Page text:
EP News, 19 June 2007
MEPs adopted first-reading report and settled on a definition of vodka that would allow the drink to be produced from any agricultural material, provided that it was appropriately labelled. The co-decision report by Horst Schnellhardt ( EPP-ED , DE) was adopted in Strasbourg today, setting out the definitions and labelling of spirit drinks in the EU. The first-reading compromise with the Council, clears the way for the regulation to come before a final Council vote probably in September.
The Commission's proposal had originally suggested establishing three categories of spirit drinks, which the EP's Environment Committee rejected, arguing for a single category of 'spirit drinks'. This single category is maintained in the compromise with the Council, as well. Although the Environment Committee had argued for a two-year transitional period, the compromise on the table would apply three months after the entry into force of the regulation.
Vodka: controversial until the last drop
The most hotly debated point in the vote centred around the definition and labelling of vodka. The Environment Committee's proposal had suggested that traditional vodka only be made from grain, potatoes or sugar beet molasses. Vodkas made from other raw materials would have had to clearly indicate what they were made from, with a large label on the bottle (2/3 of the size of the word 'Vodka' on the label).
The adopted compromise with the Council foresees a slightly different approach: traditional vodka could only be made from grain or potatoes (not molasses), and other raw materials would only be allowed to be used if they were clearly indicated on the label. The size of this label, however, would not be specified.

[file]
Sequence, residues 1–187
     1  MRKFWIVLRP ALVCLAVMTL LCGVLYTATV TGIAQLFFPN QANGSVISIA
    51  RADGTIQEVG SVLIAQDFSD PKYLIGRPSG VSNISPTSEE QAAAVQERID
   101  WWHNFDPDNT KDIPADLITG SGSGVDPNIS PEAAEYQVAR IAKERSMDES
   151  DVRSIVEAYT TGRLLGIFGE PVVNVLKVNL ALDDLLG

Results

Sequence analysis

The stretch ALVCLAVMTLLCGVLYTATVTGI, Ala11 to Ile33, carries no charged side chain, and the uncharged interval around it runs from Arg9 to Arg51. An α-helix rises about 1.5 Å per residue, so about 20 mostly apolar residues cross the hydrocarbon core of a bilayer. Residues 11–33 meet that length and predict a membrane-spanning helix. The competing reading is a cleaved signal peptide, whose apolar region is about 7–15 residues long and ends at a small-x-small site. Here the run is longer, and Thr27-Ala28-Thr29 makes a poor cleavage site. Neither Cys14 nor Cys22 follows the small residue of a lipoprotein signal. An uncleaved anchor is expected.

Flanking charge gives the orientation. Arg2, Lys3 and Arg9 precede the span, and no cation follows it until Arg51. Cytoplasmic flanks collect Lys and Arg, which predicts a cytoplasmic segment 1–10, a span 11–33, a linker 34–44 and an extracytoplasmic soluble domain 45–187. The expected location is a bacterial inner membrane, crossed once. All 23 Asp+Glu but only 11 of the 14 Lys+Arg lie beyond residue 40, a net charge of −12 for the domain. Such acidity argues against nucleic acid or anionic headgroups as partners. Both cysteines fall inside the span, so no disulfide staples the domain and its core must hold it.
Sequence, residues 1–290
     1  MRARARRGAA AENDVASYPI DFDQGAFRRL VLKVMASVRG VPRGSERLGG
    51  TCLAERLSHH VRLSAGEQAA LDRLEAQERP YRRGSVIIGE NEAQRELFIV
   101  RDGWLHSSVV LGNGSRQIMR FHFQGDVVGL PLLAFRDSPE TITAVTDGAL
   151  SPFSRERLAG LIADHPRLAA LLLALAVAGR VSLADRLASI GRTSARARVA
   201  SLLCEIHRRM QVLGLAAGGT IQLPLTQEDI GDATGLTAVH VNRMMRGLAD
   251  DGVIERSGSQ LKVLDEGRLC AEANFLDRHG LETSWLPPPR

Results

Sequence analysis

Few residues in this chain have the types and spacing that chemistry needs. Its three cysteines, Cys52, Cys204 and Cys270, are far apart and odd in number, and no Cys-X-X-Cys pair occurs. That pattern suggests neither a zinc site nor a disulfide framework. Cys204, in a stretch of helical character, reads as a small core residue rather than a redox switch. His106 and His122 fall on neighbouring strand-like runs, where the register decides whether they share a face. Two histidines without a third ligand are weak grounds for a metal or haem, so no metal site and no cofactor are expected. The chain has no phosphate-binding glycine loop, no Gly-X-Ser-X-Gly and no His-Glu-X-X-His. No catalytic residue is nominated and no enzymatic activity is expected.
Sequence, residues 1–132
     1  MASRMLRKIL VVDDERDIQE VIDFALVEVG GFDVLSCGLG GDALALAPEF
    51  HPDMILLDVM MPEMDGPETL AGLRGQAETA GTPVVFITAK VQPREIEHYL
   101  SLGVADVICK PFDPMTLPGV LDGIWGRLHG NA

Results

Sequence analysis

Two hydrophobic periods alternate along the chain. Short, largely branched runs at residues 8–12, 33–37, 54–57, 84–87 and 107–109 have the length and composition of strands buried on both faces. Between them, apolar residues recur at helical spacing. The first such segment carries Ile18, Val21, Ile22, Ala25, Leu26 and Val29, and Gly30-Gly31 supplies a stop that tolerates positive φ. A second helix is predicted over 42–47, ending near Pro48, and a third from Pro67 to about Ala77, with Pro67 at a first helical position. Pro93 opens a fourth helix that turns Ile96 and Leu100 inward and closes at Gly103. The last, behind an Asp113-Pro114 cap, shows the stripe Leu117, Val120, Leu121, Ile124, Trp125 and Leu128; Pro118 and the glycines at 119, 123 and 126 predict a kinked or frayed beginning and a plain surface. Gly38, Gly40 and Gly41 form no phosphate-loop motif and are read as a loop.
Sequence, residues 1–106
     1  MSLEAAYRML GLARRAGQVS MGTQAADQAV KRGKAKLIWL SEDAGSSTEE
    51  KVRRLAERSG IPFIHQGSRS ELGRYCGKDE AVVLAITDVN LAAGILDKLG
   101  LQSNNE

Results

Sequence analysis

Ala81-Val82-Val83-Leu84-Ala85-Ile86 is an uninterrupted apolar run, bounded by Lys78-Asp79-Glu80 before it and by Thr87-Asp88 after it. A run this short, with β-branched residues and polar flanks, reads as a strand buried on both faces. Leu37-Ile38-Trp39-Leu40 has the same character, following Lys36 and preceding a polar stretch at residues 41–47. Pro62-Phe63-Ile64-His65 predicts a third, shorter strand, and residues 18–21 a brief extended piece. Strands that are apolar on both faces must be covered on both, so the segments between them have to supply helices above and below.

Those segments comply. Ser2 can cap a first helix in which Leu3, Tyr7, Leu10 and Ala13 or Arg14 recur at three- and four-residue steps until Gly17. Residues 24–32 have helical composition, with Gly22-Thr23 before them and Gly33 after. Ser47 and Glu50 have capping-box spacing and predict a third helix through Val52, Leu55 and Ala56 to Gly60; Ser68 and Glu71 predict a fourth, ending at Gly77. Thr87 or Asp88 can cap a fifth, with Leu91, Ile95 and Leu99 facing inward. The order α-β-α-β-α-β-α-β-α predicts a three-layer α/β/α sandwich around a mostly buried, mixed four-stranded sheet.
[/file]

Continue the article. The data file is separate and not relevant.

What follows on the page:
Some MEPs from traditional vodka-producing Member States (Denmark, Estonia, Finland, Latvia, Lithuania, Poland, and Sweden) would have preferred to only allow the name 'vodka' to be applied to spirits made from grain, potatoes and molasses, but their amendments failed to garner enough support among MEPs.
Traditional whisky names safeguarded
The House voted for existing geographical names to remain valid. These could be supplemented by additional descriptions provided they are regulated at national or regional level or are included in the technical specifications, such as "single malt" and/or " Highland " for Scotch whisky. Applications for geographical designations must justified by the Member State of origin. This point is unchanged by the compromise.
Co-decision and flavourings: the end of a spirited debate
The Committee's proposal not to allow flavouring of spirits was maintained by the compromise with Council, as was their call to maintain existing geographical designations. On the other hand, the Committee's insistence that any change to these regulations be subject to the co-decision procedure was not accepted by Council, so the definitions of individual spirit drinks (laid down in Annexes to the Regulation) will be subject to comitology.